My adopted home actually Judy. Thank YOU for sharing your thoughts 🙂
Hi Madhu, it is really interesting to get this peek into your city. The photos are great. We have an Indian restaurant not too far from us that serves both Northern and Southern cuisine. I really enjoy the dosas they serve there.
What a beautiful and eloquent way to introduce the city you call home! Thank you, Madhu!
Your photos are so beautiful and your history of the area was so special. It is difficult for those of us in the US to fathom just how far back your history stretches as we have nothing like this in our country. Just lovely!
Thanks Naomi. Most westerners only know of the checks and curry 🙂
That has to be amongst the most wonderful descriptions of a city – as though you hold out for view both the polished gleaming facets and the dingy, ruined faces of the over-used gem you hold close amongst all your travels.
Thanks Keira 🙂 I now feel I should have posted a few more grittier, less pretty images to give a proper perspective of the city. Didn’t have too many of those. Shall try and post some along the way. Thanks again for stopping by
I enjoyed learning more about your corner of the world – thanks, Madhu.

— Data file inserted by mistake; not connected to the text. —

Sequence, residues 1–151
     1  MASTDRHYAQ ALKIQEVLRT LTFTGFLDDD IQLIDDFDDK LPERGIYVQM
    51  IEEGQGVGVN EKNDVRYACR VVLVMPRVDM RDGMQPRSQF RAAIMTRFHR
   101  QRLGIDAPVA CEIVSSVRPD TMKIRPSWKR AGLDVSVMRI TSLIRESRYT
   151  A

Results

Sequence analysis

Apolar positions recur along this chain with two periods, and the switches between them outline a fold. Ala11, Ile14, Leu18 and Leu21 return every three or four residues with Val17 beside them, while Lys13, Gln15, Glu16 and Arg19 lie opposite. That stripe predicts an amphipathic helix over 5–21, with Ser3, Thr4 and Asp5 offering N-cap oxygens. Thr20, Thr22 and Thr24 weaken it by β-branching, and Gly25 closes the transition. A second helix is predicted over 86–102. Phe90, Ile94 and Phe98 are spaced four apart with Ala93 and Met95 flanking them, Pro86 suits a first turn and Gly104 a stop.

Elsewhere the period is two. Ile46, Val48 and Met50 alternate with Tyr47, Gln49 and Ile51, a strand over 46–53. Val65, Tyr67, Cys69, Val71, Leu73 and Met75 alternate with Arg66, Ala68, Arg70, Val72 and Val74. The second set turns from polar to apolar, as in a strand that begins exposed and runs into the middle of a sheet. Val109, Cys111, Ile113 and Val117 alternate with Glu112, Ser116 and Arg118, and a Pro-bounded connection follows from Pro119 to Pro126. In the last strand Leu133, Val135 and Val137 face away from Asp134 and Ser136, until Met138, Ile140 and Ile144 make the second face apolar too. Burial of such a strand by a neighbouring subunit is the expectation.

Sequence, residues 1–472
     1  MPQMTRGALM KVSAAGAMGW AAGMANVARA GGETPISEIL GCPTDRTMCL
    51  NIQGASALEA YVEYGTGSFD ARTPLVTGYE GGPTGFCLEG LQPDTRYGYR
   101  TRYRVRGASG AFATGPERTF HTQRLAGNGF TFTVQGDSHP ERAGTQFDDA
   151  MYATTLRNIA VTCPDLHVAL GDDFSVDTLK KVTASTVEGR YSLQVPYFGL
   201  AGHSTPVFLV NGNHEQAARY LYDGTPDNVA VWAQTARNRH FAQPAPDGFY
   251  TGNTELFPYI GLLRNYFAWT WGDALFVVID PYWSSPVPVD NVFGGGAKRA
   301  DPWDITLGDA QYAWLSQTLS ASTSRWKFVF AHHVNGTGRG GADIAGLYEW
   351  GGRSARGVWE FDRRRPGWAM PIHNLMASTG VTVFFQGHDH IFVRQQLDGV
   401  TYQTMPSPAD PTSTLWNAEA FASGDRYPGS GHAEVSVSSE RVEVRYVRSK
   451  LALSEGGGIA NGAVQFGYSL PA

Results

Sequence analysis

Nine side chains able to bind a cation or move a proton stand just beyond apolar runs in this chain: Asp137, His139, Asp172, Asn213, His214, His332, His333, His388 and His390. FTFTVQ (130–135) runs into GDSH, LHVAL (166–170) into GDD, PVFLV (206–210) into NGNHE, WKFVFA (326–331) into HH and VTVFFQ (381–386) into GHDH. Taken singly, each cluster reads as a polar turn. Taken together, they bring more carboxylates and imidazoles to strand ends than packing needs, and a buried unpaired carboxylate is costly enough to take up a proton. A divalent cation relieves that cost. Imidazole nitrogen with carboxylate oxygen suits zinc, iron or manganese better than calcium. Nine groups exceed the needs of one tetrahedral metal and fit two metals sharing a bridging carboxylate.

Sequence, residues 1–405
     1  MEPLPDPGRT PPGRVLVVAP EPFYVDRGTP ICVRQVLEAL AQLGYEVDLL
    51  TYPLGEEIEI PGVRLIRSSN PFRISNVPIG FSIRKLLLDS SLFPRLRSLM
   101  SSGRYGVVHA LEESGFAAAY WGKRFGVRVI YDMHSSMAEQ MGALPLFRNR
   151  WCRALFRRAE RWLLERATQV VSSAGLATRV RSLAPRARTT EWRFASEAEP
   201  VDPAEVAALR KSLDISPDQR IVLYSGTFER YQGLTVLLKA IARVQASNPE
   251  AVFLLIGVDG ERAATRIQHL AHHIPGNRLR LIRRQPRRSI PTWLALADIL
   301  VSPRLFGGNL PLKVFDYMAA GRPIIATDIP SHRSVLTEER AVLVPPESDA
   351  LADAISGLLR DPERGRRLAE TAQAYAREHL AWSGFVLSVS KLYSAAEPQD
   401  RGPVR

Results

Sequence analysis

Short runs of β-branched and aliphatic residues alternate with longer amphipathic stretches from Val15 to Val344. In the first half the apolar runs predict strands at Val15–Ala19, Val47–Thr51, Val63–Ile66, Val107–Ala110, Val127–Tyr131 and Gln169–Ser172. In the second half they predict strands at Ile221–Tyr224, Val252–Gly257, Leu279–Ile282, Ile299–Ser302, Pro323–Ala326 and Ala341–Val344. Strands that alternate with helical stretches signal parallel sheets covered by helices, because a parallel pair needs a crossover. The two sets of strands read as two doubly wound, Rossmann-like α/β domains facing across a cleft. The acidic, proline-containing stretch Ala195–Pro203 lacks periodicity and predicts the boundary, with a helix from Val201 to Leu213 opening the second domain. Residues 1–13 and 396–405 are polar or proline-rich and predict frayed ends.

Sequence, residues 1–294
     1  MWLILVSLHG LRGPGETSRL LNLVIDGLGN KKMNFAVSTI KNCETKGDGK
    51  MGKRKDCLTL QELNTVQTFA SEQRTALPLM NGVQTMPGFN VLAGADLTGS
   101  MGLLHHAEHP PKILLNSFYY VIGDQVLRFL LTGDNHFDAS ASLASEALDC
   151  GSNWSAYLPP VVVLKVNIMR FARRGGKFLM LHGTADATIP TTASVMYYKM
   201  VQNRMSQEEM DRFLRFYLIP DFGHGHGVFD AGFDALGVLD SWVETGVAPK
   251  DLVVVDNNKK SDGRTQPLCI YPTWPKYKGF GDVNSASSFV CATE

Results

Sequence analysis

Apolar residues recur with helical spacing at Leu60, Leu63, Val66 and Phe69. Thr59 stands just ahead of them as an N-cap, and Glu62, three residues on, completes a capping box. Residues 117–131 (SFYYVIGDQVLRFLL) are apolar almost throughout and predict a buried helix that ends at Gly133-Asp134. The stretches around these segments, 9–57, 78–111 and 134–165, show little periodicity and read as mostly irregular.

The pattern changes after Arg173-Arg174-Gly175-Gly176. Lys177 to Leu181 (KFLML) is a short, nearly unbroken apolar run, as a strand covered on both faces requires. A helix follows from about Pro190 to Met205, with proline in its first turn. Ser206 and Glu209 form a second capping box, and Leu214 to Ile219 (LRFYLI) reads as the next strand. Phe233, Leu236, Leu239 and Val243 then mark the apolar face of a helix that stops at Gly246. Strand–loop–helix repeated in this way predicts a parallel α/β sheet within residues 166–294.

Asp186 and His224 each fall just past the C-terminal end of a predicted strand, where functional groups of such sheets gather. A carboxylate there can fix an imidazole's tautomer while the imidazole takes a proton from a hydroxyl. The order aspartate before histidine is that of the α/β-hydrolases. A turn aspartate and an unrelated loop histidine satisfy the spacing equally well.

My pleasure entirely Lynne 🙂 Thank YOU!
Madhu, great post. I haven’t been to Chennai since 2001, and I agree with you – Big, bustling, dirty and hot. It was a real contrast to the then cool Bangalore weather. Today I’m sure both Chennai and Bangalore fit the same description because Bangalore is so hot these days. I remember shopping for a kanchipuram sari at Nalli’s on my Chennai trip. I remember the movie star GOD!
Thanks Shaantz! Glad to have stirred fond memories Shaantz! I don’t know of a Bangalorean that likes Chennai though 🙂 Unless they were born here!
I’ve been to Chennai before and want to visit Auroville if I’m in that part of the world again. Loved the south Indian food and filter coffee in Chennai 🙂
Auroville is lovely and French! Thank you for stopping by to comment 🙂
Have been to some of these places ..Lovely So much beauty around